A renewed interest for U.S. structured finance products has occurred recently. This increase in demand can be explained either by a return to pre-crisis excessive risk taking or by investors looking for value investments that have been restructured and improved after the crisis.
The issuance of structured finance products expanded significantly until the financial crisis. Since the crisis, the market has recovered for some specific products, such as asset-backed securities (ABS) and collateralized loan obligations (CLO), but for other securities, such as those related to mortgages, there has not been a similar recovery. The amount of documentation for these securities has improved since the crisis, but it has not always resulted in more transparency. In addition, implementation of the Dodd–Frank Act is still ongoing, which leads to uncertainty about structured products (e.g., the Volcker rule could limit banks’ investments in special purpose entities [SPEs] and, hence, limit the products themselves). Finally, there is still uncertainty around the definition of materiality in relation to recent SEC proposals on conflicts of interest, which makes it very difficult to predict how this market will develop in the future.
How Is This Research Useful to Practitioners?
An exception to the general decrease in the issuance of structured finance products is insurance-linked securities (ILS). These products earn interest on the collateral provided and on insurance premiums while paying for insurance claims. ILS issuance has been rather stable, even during the crisis. A new type of ILS issuance is coming from government-owned and government-sponsored issuers. The ILS asset class provides diversification and high yields compared with other credit investments.
Improvements have been made in the structured finance market since the crisis—for example, CLOs now have better documentation and more transparency on contractual items. Also, CLO contracts have adjusted their trigger processes to prevent collateral managers from buying the cheaper junior tranches during turmoil, thereby avoiding triggers for the senior tranches. Additional criteria have been added for the conditions on CLO “amend and extend” transactions. Furthermore, the collateral in which CLO managers can invest has been better defined.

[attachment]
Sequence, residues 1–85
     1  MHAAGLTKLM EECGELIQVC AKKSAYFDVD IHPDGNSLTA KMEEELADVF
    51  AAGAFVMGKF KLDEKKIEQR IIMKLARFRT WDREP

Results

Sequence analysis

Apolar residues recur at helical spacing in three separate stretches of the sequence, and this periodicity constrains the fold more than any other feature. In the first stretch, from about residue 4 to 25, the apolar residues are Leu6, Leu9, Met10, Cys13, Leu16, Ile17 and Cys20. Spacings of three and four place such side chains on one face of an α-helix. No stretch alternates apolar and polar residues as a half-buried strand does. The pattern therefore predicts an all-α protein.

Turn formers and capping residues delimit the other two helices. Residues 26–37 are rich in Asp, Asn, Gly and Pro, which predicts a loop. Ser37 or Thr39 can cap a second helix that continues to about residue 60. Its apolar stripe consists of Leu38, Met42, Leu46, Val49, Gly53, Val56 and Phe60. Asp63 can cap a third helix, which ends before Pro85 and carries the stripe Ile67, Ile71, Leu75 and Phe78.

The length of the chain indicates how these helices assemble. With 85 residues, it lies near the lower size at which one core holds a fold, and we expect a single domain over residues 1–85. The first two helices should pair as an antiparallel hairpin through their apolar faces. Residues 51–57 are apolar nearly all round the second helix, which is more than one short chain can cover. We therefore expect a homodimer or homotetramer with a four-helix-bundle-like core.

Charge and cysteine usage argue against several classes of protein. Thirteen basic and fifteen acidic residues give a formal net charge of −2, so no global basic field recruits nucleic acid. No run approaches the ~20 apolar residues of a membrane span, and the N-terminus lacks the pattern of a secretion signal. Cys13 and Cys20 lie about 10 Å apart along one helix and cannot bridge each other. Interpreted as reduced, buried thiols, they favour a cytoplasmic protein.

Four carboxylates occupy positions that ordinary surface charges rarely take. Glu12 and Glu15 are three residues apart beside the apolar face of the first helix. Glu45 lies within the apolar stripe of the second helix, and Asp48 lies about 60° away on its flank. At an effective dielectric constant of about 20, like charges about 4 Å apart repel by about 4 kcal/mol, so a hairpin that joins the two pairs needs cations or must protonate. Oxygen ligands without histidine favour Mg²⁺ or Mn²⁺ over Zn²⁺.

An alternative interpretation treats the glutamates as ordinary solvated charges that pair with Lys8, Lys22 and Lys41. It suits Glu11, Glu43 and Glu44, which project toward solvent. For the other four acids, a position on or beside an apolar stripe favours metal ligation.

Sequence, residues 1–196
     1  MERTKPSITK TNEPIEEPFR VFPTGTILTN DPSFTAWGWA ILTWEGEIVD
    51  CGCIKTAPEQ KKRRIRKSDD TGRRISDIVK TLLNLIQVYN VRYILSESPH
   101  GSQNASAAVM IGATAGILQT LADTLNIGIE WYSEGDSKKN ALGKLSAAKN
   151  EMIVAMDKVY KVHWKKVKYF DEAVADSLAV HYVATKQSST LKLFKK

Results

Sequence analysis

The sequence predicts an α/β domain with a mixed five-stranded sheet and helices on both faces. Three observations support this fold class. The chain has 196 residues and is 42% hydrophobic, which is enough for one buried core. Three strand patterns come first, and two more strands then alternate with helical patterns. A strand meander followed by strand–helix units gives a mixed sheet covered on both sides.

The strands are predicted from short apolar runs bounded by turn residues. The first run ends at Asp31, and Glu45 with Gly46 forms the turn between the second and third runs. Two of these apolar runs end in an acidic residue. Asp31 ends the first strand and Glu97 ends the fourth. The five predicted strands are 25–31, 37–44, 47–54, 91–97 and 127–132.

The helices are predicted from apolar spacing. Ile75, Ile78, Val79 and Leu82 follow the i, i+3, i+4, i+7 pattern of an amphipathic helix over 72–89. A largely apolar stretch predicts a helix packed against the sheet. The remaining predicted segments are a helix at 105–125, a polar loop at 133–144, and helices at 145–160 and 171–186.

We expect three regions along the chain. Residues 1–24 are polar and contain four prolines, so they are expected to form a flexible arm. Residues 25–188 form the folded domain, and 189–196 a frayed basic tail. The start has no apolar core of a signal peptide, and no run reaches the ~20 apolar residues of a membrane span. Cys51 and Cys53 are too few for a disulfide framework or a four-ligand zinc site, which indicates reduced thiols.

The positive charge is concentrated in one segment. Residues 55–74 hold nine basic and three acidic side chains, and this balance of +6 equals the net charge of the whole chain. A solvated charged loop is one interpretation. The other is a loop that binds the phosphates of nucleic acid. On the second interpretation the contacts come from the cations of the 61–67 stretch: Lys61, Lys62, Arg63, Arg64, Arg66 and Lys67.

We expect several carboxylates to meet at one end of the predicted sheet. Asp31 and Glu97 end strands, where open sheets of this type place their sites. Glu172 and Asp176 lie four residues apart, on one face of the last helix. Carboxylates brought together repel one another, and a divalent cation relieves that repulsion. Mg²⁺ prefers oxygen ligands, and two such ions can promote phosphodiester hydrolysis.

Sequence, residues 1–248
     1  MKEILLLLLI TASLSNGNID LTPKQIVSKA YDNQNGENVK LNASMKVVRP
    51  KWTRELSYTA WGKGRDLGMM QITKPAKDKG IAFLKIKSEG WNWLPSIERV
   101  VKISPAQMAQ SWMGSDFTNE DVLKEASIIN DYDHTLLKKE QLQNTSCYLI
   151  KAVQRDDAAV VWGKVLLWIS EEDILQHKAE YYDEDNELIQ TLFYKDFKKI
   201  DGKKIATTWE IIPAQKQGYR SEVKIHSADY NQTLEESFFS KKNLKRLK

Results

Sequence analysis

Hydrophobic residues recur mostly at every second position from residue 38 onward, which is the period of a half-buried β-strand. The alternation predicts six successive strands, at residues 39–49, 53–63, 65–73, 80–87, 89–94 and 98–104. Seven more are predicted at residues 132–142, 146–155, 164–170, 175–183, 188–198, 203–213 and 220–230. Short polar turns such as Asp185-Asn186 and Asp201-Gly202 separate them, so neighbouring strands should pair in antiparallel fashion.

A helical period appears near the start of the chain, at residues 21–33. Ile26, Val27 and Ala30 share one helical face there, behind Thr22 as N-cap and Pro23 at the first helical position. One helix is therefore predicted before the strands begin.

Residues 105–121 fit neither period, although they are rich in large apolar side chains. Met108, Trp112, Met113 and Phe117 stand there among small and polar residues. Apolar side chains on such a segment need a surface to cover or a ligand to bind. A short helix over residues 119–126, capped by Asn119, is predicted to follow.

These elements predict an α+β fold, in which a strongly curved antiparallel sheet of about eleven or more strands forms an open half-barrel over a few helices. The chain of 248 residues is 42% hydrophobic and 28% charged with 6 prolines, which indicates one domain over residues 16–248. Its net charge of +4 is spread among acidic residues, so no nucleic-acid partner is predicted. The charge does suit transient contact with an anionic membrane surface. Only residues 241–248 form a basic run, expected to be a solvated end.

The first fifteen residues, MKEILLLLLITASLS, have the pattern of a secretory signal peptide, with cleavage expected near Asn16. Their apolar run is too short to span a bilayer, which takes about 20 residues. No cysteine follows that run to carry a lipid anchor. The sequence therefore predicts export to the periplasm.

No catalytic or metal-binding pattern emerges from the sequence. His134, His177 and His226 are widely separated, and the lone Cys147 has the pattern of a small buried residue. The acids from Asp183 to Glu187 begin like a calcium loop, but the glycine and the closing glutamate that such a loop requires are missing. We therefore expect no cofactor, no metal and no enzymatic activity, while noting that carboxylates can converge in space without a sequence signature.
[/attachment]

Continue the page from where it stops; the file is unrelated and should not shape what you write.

Those working directly in structured finance markets as well as portfolio managers looking for products to enhance yield and provide diversification benefits will benefit from the authors’ research.
How Did the Authors Conduct This Research?
The authors use U.S. structured credit data from varying time periods: ABS data are from 1993 to 2012, CLO data are from 2005 to 2012, ILS data are from 2003 to 2012, and mortgage-related data are from 2000 to 2012. The data are from various data providers.
They begin by explaining the concept of a structured product. ABS products, such as auto, credit card, and other loans, are usually offered in tranches with different coupon payments and risk levels and issued by an SPE. One particular ABS product is the collateralized debt obligation, which uses bonds and loans as its underlying securities.
The authors then show how issuance for each of these products has developed over time. Overall, ABS issuance has recovered since the crisis. The CLO market has also recently received renewed interest after it imploded in 2008. Surprisingly, the recovery of CLOs in 2009 also occurred when default rates increased and recovery rates declined. Furthermore, institutional investors left the CLO market in 2008 but have now returned. Nevertheless, the general market recovery for ABS has not occurred for all ABS securities. Issuance of mortgage-related securities has shown no recovery yet, and it is unlikely to see recovery in the near future. Leading to the crisis, covenant-light loans gained popularity because of the higher expected returns and a low interest rate environment, and they have made a comeback in the current low interest rate environment.
The authors highlight that although design changes have taken place since the crisis, the changes have not always been beneficial for investors (e.g., despite these improvements in availability, more information does not always lead to more transparency). Also, the renewed ABS interest might be related to other factors, such as investors’ interest in the underlying asset classes instead of the products themselves. The current regulatory changes have not been fully implemented yet, which means uncertainty for investors. It could also lead to regulatory differences between the United States and other markets, resulting in regulatory arbitrage opportunities.
The authors consider specific investment products and provide a good historical overview of developments in the past few years. Multiple graphs make it easy for the reader to visualize the developments. They also highlight the market rebound in the years after the crisis. The question of whether the recovery has occurred because of a return to excessive risk taking or because of a better product design is left unanswered, although the authors do stress the importance of the effect that the final regulatory framework will have on the long-term prospects of structured finance products.